Plaintiff's counsel, in support of his contention that the entry of the final decree should be set aside and vacated, does not attack the sufficiency of the showing by defendant, nor contend that the order of the court otherwise lacks evidentiary support. The attack upon the decree appears to be that since the court at the time the final decree was entered had before it conflicting affidavits, it was thereby presented with a judicial question rather than a ministerial one, and hence it was the duty of the court to set the same for formal hearing. Secondly, it is contended that since the counter-affidavit of defendant was not served on counsel for plaintiff, plaintiff was thereby denied due process.

The pertinent portions of Section 132 of the Civil Code provide that one year after the entry of the interlocutory decree the court on motion of either party, or upon its own motion, may enter the final judgment granting the divorce. But if an appeal has been taken from the interlocutory decree or a motion for new trial made, then the final judgment shall not be entered until the same has been disposed of. Rule 20 of the Rules of the Superior Court requires the petitioning party to support his or her application for a final decree with an affidavit setting forth certain facts: (1) That the parties have not become reconciled; (2) that they have not lived or cohabited together; (3) that both parties are then living; and (4) that the moving party has complied with all requirements and is not in default thereof.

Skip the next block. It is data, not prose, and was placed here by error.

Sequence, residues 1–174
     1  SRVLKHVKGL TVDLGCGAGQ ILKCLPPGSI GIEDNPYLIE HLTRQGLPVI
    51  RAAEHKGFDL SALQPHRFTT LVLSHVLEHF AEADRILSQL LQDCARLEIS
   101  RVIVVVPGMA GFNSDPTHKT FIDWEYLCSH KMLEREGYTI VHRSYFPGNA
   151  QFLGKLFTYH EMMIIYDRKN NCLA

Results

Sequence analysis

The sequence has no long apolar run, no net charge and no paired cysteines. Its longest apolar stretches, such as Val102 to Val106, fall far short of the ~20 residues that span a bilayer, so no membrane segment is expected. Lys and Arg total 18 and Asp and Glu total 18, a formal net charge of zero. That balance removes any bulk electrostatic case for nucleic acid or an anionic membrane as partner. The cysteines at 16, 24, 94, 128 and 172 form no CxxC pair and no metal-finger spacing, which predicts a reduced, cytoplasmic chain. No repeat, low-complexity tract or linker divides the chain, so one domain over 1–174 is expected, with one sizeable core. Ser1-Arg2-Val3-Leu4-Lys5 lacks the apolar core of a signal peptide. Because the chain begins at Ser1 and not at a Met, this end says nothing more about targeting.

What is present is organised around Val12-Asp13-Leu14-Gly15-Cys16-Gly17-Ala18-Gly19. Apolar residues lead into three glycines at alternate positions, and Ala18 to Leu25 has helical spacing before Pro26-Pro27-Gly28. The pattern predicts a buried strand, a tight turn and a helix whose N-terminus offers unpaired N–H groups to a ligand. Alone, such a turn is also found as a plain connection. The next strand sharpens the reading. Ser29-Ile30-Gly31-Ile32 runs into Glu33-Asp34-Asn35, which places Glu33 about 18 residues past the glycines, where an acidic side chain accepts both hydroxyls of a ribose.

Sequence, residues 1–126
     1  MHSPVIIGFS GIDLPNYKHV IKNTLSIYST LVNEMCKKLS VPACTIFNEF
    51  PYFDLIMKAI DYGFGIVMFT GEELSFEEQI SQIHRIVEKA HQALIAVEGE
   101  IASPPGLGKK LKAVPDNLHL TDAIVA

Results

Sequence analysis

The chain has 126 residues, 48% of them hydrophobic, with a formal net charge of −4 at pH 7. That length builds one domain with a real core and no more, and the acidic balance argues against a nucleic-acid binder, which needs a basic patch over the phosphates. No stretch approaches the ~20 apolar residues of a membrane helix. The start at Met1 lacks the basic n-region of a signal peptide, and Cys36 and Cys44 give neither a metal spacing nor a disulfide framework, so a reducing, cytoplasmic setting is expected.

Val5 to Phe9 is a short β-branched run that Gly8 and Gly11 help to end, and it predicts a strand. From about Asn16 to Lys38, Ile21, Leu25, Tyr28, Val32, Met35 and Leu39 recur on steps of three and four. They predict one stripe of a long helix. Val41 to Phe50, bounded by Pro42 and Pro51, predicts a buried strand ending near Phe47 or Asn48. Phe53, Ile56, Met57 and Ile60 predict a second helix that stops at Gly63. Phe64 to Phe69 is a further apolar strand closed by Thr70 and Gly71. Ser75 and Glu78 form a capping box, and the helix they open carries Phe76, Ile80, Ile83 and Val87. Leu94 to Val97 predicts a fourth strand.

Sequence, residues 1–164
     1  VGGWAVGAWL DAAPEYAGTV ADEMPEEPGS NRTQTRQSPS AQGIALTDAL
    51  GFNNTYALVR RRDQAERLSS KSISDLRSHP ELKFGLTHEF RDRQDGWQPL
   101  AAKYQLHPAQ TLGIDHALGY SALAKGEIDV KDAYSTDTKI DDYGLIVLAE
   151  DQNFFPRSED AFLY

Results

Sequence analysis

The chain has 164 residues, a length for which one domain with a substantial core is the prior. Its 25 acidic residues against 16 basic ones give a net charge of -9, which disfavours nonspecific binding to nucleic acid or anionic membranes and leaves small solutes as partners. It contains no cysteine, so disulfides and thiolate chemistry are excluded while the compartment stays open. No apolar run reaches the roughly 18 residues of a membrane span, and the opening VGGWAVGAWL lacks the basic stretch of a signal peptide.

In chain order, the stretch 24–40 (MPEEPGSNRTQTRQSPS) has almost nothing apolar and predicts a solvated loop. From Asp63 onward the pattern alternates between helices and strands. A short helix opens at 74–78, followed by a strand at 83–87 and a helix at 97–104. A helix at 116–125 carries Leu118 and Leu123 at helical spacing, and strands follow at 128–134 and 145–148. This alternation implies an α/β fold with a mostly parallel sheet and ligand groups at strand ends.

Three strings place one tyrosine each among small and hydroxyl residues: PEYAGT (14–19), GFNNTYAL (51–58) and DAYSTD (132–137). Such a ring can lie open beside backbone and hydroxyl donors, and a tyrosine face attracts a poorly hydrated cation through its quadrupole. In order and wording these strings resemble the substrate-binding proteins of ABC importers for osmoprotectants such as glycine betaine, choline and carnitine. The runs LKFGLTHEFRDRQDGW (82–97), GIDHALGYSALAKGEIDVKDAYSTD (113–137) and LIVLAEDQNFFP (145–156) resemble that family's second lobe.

Plaintiff, in support of her first contention that the court had a duty to hear on notice the question raised by the affidavits of the parties, relies entirely upon the case of Angell v. Angell, 84 Cal.App.2d 339, 191 P.2d 54, 57. The apparent reason therefor is the comment by the court therein that in cases where the petitioning party cannot aver that there has been no cohabitation during the year ‘the proper procedure is to proceed by motion supported by an affidavit in explanation of the cohabitation.’ While that may well be a proper procedure in such cases, neither the applicable code provisions nor the Rules of the Superior Court make such a proceeding mandatory. The very fact that Section 132 of the Civil Code provides that the court, on its own motion, may enter the final decree ‘would seem to exclude the idea that a trial was contemplated at the time of entering this last judgment.’ John v. Superior Court, 5 Cal.App. 262, 90 P. 53. See also Reed v. Reed, 9 Cal.App. 748, 100 P. 897. Furthermore it should be observed that the situation mentioned in the Angell case does not apply in the present case since the defendant was able to comply with such provisions.